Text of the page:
So whites did what whites do so frequently in American history–they turned to violence against the people who color who dared stand up for human rights and labor rights. On January 21, 1930, about two hundred white Californians tried to raid a Filipino-owned club near Monterey where nine white women worked as entertainers. The mob expanded to about 500 people and the next night they started attacking Filipinos they found on the streets and in the orchards. On January 23, the mob killed a farmworker named Fermin Tobera, who had come to California in 1928 to work in the fields and send money back to his impoverished family. The bunkhouse in which he slept on the Murphy Ranch near Watsonville was set upon by whites who started firing into it. Tobera was shot in the head. This outraged the Filipino community working for the rights of their people in Washington, as well as Filipinos in Manila. Other violent incidents popped up around California over the next couple of days, leading to beating and a stabbing. On January 29, someone blew up the Stockton headquarters of the Filipino Federation of America. Although several people were sleeping inside, no one was killed. Given the trans-Pacific anger this violence caused, California law enforcement had to do something. Eight men pleaded guilty for incitement to riot; four of them served thirty days in prison and the rest of the sentences for all of them were suspended.
This violence is the context in which the U.S. considered granting the Filipinos their independence. Both supporters and opponents of Filipino migration to the U.S. thought independence was probably the best solution by the early 1930s. The Watsonville Evening Pajaronian editorialized that it hoped the Philippines would get their independence so Japan would invade them and turn them into a new Korea. Given the rapidly growing availability of white labor as the Great Depression deepened, the California growers wouldn’t struggle to find a new labor force either.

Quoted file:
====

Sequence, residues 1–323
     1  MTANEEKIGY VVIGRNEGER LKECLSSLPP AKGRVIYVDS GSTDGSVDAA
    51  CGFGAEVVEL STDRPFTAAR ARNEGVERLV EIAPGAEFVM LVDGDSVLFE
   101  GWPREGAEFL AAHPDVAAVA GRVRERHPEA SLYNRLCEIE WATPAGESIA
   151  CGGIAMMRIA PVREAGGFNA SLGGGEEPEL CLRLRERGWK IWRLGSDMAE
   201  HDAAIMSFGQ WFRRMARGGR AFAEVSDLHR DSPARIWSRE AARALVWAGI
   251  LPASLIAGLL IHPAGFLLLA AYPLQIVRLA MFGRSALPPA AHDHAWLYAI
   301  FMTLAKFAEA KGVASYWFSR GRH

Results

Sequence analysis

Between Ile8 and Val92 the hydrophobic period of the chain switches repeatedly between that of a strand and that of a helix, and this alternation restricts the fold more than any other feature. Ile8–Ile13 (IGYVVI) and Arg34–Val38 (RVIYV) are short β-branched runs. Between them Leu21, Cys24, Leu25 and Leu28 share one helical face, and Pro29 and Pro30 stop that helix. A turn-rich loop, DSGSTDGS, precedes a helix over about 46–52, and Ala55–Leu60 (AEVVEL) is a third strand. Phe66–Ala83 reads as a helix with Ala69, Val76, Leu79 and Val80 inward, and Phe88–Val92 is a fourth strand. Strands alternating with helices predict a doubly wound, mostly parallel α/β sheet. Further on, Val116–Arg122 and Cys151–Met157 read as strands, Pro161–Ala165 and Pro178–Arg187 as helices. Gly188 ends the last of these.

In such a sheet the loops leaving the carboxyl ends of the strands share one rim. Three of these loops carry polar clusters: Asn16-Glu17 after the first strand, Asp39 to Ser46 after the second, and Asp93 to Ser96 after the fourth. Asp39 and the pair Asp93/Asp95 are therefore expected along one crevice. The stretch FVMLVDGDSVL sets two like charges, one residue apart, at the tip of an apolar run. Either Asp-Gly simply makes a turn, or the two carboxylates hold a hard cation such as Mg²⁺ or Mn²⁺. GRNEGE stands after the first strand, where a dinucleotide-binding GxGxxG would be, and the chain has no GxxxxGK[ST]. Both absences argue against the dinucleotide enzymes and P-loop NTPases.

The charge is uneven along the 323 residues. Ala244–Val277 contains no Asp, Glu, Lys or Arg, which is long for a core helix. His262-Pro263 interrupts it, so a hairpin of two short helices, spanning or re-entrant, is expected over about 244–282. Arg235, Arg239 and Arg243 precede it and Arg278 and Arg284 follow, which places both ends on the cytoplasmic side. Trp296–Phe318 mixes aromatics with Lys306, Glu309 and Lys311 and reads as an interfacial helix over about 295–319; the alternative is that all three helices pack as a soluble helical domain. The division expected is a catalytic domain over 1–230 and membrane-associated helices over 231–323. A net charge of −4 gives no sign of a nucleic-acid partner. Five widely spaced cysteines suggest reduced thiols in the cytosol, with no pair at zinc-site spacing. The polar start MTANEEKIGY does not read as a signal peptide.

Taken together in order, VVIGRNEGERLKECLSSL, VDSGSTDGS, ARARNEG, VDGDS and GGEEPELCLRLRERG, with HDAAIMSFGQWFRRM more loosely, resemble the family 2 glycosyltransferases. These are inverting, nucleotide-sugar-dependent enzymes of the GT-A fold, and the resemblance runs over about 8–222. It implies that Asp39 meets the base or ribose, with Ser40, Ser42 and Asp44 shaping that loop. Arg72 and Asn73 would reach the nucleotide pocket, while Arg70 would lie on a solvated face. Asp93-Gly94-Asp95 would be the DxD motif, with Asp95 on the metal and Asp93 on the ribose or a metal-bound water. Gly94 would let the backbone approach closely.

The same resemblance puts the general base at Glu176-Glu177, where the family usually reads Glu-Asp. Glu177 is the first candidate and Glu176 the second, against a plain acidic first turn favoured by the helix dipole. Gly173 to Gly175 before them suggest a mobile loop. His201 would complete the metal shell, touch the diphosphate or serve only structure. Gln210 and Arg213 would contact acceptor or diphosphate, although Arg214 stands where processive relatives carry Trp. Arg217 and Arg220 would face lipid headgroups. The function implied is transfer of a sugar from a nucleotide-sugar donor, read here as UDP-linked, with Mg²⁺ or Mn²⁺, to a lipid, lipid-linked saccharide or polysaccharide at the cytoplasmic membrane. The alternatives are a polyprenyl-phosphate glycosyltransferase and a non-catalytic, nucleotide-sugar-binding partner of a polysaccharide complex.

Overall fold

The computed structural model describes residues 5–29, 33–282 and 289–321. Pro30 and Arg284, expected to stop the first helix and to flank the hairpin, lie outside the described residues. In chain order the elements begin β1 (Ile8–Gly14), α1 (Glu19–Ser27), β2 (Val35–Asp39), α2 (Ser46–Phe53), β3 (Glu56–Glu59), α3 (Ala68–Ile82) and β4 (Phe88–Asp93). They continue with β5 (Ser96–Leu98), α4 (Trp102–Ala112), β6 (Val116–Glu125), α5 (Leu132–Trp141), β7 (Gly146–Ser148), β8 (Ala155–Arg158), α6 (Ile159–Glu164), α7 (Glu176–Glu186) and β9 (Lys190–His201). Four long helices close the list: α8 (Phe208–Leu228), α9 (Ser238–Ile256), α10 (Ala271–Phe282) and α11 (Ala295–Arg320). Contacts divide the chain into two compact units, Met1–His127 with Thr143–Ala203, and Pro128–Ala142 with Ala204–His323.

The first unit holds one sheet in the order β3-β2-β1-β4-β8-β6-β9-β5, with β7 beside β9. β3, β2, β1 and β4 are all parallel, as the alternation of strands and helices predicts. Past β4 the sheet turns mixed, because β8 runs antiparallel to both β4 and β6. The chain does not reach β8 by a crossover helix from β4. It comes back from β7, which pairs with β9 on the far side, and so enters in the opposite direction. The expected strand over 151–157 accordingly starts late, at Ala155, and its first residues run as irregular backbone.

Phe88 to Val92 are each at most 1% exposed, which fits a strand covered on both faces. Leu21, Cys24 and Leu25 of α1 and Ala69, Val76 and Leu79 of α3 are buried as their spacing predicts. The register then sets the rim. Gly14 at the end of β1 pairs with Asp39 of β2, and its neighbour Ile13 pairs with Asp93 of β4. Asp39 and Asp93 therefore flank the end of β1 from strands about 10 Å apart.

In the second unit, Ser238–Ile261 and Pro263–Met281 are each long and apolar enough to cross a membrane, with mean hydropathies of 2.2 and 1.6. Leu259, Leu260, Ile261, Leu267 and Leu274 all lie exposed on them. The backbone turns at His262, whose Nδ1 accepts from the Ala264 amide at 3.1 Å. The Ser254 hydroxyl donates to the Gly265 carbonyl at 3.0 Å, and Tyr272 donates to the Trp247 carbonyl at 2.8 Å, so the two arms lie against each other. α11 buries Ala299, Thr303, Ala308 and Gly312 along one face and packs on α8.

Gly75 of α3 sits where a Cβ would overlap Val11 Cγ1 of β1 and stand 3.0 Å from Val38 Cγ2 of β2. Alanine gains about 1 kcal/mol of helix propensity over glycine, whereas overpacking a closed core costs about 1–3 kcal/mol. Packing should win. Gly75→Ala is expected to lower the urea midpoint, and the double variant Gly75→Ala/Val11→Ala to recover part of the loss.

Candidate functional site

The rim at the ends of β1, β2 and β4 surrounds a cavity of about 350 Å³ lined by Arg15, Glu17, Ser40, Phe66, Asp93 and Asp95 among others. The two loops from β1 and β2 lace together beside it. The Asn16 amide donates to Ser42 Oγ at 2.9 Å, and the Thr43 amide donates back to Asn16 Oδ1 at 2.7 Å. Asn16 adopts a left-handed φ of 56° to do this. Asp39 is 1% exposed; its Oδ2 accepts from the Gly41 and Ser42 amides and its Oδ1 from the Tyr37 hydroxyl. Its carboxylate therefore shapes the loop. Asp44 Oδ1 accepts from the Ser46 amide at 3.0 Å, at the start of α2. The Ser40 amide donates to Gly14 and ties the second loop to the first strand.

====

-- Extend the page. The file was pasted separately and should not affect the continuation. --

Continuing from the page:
The law itself granted the Philippines independence after ten years. In exchange, Filipinos would have to abide by the racist immigration quota system of the 1924 Immigration Act immediately. A whopping 50 immigrants from the Philippines a year were allowed into the United States. They were also denied citizenship rights. A 1946 law, the same year that the Philippines actually received independence, doubled the quota to a whole 100 immigrants and restored the ability of Filipinos to become citizens. A year after Tydings-McDuffie, Congress passed the Filipino Repatriation Act that provided free transportation for Filipinos who wanted to return to the islands but could not afford to do so. The nation didn’t quite get to the point of rounding up these workers, but they came awfully close.
In conclusion, the United States was actually too racist and too concerned about interracial sex to remain a colonial power.
Of course, Filipino labor did not disappear from the United States after Tydings-McDuffie, even as new immigration did. These workers would play a critical role in the early farmworker movements that eventually led to the United Farm Workers, even as Latino workers supplanted the Filipinos in the movement.
I borrowed from Dorothy B. Fujita-Rony, “Empire and the Moving Body: Fermin Tobera, Military California, and Rural Space,” in Bender and Lipman, Making the Empire Work: Labor and United States Imperialism in the writing of this post.
This is the 212th post in this series. Previous posts are archived here.